Economy adds 261K jobs in October
by admin · Published · Updated
U.S. jobs posted a big rebound in October after the effects of severe weather that battered the economy in the late summer faded.
Employers added 261,000 jobs last month, and the unemployment rate fell to 4.1 percent, the lowest level since December of 2000 when it was 3.9 percent, the Labor Department reported on Friday.
While robust, job growth fell short of economists’ expectations of about 315,000 new jobs.
“Beneath the surface of the ups and downs in the monthly hiring numbers, the U.S. economy is faring well by most measures,” said Mark Hamrick, senior economist analyst at Bankrate.com.
“There’s a good chance that we’ll string together three straight quarters of growth of 3 percent or better, including this final quarter of the year,” Hamrick said.
Jobs for September, which had first shown the first monthly job losses since 2010, were revised up to 18,000.
In August, employers hired 208,000 workers, up from the initial estimate of 169,000.
“However, the unemployment rate fell because of fewer people in the labor force,” said Gus Faucher, PNC’s chief economist.
The labor force participation rate dropped by 0.4 percentage point to 62.7 percent in October.
Hiring last month reflected the post-storm rebound but economists have cautioned that the jobs number could be heavily skewed because of Hurricanes Harvey and Irma coupled with the devastating wildfires that swept across northern California.
Over the past three months, hiring has averaged 162,000, which is only slightly below the 168,000 recorded so far this year.
Jobs lost at bars and restaurants, which were hit the hardest by the hurricanes, were largely recouped last month.
Those employment numbers rose 89,000 after a loss of 98,000 jobs in September following the storms.
House Ways and Means Committee Chairman Kevin Brady (R-Texas), whose state was hit hard by Hurricane Harvey said he was pleased to see more jobs added this month.
“[It is] a clear sign communities in Texas and Florida are recovering after the devastating hurricanes earlier this year,” Brady said.
The household survey, which is an estimate of employed Americans, not of total jobs, showed that 484,000 fewer people were employed last month after a sharp rise of 906,000 in September.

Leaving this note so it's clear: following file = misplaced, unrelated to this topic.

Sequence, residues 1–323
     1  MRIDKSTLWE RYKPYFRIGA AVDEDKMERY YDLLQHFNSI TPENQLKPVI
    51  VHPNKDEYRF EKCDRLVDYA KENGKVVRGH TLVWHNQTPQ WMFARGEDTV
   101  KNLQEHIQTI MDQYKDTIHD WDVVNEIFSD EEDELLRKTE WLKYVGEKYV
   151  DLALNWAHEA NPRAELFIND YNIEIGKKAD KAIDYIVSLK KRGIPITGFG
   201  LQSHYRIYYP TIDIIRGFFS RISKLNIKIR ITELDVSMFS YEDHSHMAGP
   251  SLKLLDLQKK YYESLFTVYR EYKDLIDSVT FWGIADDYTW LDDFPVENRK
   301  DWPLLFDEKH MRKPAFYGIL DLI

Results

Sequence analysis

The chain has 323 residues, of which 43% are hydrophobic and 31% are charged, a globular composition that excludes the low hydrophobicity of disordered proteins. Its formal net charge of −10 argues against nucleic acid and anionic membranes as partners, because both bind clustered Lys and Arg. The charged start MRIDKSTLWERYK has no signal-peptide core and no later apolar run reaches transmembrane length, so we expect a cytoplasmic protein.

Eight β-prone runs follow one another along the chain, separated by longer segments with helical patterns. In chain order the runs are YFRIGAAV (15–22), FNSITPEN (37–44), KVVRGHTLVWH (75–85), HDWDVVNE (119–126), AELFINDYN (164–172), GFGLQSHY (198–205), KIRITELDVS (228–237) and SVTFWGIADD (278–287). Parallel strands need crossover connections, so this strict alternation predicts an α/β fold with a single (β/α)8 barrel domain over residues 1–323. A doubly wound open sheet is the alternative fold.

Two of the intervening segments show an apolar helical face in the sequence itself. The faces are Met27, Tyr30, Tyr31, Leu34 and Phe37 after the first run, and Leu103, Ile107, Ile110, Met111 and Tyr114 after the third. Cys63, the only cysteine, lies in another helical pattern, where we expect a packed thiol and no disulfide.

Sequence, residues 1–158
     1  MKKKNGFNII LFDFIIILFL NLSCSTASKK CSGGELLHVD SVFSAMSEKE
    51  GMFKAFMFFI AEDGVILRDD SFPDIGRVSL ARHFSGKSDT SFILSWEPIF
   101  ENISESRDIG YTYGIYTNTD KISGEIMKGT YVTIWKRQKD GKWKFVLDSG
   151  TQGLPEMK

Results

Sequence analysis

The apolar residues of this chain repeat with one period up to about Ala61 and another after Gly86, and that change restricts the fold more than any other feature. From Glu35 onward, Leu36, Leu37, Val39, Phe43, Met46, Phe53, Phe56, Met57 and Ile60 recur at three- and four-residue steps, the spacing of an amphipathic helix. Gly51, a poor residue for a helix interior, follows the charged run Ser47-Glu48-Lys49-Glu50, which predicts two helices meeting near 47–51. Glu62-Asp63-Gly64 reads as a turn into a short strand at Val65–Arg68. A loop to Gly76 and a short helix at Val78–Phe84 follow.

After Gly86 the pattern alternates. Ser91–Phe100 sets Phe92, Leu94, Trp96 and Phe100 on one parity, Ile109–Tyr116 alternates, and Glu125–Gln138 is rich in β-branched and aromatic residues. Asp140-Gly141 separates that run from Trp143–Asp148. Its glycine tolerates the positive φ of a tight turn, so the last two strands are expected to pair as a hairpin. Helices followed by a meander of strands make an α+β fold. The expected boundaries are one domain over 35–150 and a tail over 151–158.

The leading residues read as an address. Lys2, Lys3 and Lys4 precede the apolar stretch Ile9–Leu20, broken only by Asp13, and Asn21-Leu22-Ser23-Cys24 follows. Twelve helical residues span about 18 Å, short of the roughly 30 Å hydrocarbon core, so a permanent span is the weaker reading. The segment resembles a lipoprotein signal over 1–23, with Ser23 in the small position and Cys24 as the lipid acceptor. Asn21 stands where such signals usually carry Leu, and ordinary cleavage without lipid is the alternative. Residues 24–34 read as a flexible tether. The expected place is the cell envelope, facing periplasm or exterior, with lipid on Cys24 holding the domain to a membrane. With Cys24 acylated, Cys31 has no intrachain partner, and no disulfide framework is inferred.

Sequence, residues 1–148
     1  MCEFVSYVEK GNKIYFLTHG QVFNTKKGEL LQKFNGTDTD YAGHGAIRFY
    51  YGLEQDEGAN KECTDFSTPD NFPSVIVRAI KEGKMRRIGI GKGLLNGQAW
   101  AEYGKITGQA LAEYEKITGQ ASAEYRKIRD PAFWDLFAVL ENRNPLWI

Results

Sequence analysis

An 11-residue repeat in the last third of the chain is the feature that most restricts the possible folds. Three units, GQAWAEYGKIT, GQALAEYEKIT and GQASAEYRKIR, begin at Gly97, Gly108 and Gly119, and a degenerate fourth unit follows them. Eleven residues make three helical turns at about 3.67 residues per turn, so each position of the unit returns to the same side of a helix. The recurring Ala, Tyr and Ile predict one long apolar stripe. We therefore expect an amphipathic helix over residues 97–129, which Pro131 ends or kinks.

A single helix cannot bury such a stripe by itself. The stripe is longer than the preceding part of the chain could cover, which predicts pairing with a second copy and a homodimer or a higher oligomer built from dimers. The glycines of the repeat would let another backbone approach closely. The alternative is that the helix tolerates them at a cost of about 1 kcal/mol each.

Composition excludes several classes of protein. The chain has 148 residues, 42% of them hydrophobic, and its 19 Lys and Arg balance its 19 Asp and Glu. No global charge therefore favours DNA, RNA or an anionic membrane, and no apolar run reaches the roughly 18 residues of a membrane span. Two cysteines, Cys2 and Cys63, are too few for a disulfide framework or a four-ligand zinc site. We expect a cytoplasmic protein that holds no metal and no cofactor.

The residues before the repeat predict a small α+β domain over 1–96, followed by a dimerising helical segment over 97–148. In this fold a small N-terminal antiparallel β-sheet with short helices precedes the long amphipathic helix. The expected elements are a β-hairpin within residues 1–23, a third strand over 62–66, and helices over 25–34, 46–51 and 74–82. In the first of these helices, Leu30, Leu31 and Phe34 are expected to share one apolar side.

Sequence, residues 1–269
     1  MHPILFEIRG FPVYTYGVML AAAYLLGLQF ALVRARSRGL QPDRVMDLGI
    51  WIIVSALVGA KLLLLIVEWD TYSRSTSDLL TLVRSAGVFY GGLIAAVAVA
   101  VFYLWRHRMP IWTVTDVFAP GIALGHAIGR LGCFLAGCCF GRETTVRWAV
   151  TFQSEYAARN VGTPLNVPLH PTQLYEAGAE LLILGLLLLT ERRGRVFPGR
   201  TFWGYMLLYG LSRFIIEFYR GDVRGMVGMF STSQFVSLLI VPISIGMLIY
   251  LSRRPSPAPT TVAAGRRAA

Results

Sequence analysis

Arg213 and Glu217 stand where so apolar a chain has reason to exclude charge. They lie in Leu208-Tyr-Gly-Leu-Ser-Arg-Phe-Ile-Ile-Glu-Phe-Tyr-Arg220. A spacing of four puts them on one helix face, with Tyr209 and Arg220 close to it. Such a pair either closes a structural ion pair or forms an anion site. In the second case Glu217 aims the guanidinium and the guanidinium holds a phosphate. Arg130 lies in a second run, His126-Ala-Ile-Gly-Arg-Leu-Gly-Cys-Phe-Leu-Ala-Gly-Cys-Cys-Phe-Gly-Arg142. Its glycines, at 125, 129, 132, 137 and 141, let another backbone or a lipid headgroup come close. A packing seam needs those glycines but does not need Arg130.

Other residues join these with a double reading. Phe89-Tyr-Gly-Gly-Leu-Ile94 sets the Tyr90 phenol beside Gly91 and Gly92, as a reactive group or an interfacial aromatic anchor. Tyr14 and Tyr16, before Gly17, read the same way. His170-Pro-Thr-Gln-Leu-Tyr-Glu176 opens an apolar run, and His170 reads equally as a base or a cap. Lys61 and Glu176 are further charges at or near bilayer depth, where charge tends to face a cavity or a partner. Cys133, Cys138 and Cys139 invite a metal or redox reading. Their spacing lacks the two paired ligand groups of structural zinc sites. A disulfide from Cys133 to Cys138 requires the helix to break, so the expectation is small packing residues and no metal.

Analyzing those losses and gains, Betsey Stevenson, an economist at the University of Michigan, said it reflects the creation of 112,000 jobs in September and 196,000 in October, which is within the range of average jobs growth in the labor market.
Economists say that the labor market is adding between 150,000 and 200,000 jobs a month, a number that is enough to lower the unemployment rate.
But wages for workers remained frustratingly stagnant with average hourly earnings falling a penny last month after rising 12 cents in September.
“The one major disappointment in the jobs report was a slight decline in average hourly earnings, although this was likely impacted by the recovery from the hurricanes, with leisure and hospitality jobs having a somewhat lower wage rate on average than the overall economy,” said David Berson, chief economist at Nationwide.
In the past year, wages have increased only 2.4 percent, a sharp drop from the 2.9 percent a month ago although the figure is probably distorted because of the effects of the hurricanes.
“With the swings from the hurricanes now largely behind us, the longer-term challenge of wage growth returns to the foreground,” said Jed Kolko, chief economist at Indeed.
House Democratic Leader Nancy Pelosi said the October report “shows that hard-working Americans continue to be denied the bigger paychecks they deserve under the Republicans’ billionaires-first agenda.”
“Ten months into the Trump administration, working Americans still aren’t seeing the strong wages that Republicans have promised them,” Pelosi said.
The report also showed that manufacturing, which has added 156,000 jobs since a recent employment low in November 2016, rose by 24,000 in October.
Construction, which is expected to pick up the pace with post-storm rebuilding, posted job gains of 11,000, the same as September.
Still, Americans are more confident than they have been in 17 years, according to a recent Conference Board survey.
Overall, the economy seemed to weather the storms mostly unscathed, showing 3 percent annual growth in the July-September quarter, completing the best two-quarter performance in three years.